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Songwriting Guides
In the studio
On the day

Once you are in the studio the aim is to get the best out of your time there. Try and stay focussed throughout. Good preparation will help with this. A running order and a schedule are a good idea. Even if it goes out of the window at least you have something to start with. Schedule in some breaks. If they don't happen when you expect them, go for a walk when you can. Fresh air and a break will revive a flagging concentration.

Producters and engineers are human. They are really just like us and can get tired, bored, confused and not know what they are doing just like all of us. It helps to remember this. First of all, they can take the stress and nerves out of the situation and make you feel less intimidated. Secondly, you will find it easier to relate to that person and develop a rapport. This makes the whole working relationship easier, particularly when you want something changed when you don't like it.

'Girl Like You' was my first really successful cut and paste record - it was all loops basically.
Edwyn Collins

If you have a clear idea about how you want your songs to sound like, it is less likely you'll end up with something you don't like. It may help to make notes of what you feel should be brought out in the song. Take a CD if there is a particular effect you want to 'borrow'.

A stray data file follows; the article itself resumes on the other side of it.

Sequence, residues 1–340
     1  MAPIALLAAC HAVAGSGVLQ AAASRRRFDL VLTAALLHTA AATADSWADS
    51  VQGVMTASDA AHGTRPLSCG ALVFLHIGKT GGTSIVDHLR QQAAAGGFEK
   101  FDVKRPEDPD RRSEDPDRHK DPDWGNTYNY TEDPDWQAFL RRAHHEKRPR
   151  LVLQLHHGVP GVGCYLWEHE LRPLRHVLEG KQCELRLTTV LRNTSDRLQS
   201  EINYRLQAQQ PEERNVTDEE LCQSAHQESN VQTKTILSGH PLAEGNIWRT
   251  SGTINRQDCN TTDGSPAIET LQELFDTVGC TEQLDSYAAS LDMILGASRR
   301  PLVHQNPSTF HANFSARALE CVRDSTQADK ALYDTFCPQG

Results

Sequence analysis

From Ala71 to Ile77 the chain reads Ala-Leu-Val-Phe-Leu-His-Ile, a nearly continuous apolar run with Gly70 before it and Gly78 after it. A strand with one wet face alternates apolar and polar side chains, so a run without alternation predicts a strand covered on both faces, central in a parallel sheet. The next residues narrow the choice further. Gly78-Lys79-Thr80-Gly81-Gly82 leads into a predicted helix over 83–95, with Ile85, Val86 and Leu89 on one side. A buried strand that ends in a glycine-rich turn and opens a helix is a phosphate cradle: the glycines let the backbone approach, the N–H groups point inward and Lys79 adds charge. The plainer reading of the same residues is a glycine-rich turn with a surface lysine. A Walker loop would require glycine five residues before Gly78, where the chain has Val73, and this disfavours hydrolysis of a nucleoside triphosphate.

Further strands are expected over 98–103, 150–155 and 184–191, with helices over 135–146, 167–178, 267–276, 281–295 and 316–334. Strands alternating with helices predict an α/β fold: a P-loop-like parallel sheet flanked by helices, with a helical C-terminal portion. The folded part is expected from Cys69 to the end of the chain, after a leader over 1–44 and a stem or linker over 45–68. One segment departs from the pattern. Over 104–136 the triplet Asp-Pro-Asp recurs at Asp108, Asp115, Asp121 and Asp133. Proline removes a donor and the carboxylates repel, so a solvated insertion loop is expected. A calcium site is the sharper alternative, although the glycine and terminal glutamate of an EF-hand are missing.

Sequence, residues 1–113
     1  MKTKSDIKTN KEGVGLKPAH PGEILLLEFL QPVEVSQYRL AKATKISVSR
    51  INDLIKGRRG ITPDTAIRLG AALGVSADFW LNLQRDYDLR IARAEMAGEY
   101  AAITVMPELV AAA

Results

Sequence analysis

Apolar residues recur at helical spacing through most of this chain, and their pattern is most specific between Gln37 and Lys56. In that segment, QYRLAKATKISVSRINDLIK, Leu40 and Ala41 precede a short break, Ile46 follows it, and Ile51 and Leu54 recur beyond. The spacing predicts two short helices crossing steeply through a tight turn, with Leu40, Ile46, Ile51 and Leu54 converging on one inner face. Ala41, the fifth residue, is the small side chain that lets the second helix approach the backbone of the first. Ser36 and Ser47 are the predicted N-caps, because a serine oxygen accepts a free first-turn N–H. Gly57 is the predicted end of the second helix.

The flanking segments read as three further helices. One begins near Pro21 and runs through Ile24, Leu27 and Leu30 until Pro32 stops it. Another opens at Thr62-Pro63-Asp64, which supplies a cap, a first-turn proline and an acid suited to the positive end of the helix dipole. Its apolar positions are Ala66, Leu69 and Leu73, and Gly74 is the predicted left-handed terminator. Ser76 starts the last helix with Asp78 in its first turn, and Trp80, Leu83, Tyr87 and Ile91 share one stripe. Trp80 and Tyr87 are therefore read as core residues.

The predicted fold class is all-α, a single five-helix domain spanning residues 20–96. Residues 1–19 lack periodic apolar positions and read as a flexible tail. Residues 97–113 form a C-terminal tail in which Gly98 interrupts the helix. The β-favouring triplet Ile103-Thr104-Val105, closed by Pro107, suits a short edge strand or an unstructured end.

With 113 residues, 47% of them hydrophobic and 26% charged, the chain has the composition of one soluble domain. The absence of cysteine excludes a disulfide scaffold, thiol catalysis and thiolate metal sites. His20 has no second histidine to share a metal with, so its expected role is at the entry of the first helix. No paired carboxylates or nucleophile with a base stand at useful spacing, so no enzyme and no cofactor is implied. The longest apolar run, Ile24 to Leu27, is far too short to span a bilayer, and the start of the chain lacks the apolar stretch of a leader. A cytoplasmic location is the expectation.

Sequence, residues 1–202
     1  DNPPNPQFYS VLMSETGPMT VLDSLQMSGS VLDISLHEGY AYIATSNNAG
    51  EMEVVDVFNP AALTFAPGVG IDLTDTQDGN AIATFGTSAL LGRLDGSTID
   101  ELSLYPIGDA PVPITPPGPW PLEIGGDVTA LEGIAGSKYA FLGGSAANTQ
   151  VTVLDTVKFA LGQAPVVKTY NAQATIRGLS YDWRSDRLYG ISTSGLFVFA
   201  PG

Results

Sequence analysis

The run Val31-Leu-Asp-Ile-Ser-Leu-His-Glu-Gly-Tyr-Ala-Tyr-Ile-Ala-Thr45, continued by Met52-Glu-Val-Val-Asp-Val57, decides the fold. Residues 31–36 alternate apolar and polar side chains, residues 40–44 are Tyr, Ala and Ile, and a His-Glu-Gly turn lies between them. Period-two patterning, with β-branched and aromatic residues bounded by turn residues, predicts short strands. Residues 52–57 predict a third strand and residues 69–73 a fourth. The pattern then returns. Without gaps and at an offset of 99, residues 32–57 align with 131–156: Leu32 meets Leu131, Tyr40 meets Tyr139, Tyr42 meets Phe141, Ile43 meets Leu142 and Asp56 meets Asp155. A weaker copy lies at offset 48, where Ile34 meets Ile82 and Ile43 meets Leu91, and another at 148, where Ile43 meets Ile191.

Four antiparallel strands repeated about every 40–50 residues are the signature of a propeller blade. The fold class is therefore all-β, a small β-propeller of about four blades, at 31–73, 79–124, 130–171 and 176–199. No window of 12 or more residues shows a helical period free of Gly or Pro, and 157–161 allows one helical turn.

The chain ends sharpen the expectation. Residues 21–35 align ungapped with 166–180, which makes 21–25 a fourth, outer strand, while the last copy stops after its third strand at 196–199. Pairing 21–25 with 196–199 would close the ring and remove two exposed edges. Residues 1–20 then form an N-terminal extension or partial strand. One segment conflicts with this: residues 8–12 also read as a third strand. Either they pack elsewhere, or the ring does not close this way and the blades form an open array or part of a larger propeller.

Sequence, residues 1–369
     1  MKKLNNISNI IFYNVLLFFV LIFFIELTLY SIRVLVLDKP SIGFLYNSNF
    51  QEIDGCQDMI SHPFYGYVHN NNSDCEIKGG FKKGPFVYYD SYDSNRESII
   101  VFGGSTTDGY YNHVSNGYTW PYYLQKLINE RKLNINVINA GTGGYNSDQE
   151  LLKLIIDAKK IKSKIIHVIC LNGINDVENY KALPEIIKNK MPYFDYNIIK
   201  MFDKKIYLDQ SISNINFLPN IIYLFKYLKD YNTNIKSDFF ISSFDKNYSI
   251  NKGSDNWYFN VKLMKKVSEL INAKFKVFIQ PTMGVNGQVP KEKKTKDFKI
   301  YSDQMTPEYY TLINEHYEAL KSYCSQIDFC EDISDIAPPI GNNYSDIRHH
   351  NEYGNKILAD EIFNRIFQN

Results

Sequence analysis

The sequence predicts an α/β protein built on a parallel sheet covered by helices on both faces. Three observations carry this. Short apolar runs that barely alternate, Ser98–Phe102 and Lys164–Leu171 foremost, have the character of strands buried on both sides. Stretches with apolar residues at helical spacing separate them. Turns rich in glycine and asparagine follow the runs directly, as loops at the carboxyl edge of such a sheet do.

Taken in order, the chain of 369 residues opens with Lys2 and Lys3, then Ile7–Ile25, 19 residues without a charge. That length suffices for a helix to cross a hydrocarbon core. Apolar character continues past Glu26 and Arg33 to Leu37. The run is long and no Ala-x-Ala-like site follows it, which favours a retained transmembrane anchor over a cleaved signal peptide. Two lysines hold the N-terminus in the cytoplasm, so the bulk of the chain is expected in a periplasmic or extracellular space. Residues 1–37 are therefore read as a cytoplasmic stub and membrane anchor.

Here are some more tips to help you on the day:

1. Take a long view. It's a process, not an event. Don't expect things to work out straight away and be prepared for long working hours.

2. Take time to relax and loosen up. Before each take, give yourself a moment to breathe and gather your thoughts. Taking 30 seconds to do this could save time in the long run. Being focussed can make the difference between a great take and having to do it again.

3. Don't put all your energy into the first take. Use it for the runs that matter. Stay relaxed but focussed when you are not playing.

Gwen DickeyGwen Dickey
When Rose Royce and producer Norman Whitfield recorded "Love Don't Live Here Anymore" they found the song's sound by accident. Sometimes it's alright to muck up in the studio.
Listen to Gwen Dickey Audio help
Edwyn Collins
He created his hugely-popular hit "A Girl Like You" as a cut-and-paste song, creating loops in the studio and improvising lyrics. He explains how.
Listen to Edwyn Collins Audio help
4. Leave tail in and tail out. It is much easier to trim a track if you have quiet at the beginning and end of it. Count in 1-2-3 but think the 4 silently and stand still and quiet for 10 secs after the instruments have faded so there is enough clean tape at the end.

5. Don't be bullied or feel you have to accept something you don't like or want. It probably took a lot of effort and expense to get into the studio in the first place so make sure you don't leave with something you don't want.

6. Make sure samples are cleared or record your own before you go into the studio and take them with you.


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Songwriting Guides Writing a Song Performing Working with Other Writers In the Studio Finding a Producer Working with a Producer Before the Session On the Day Demos Publishers Record Companies Management Staying on Track
 The Songwriting Game
Songwriting Game Pick a chord
Play with chords and find out what kind of songwriter you are with the Songwriting Game.


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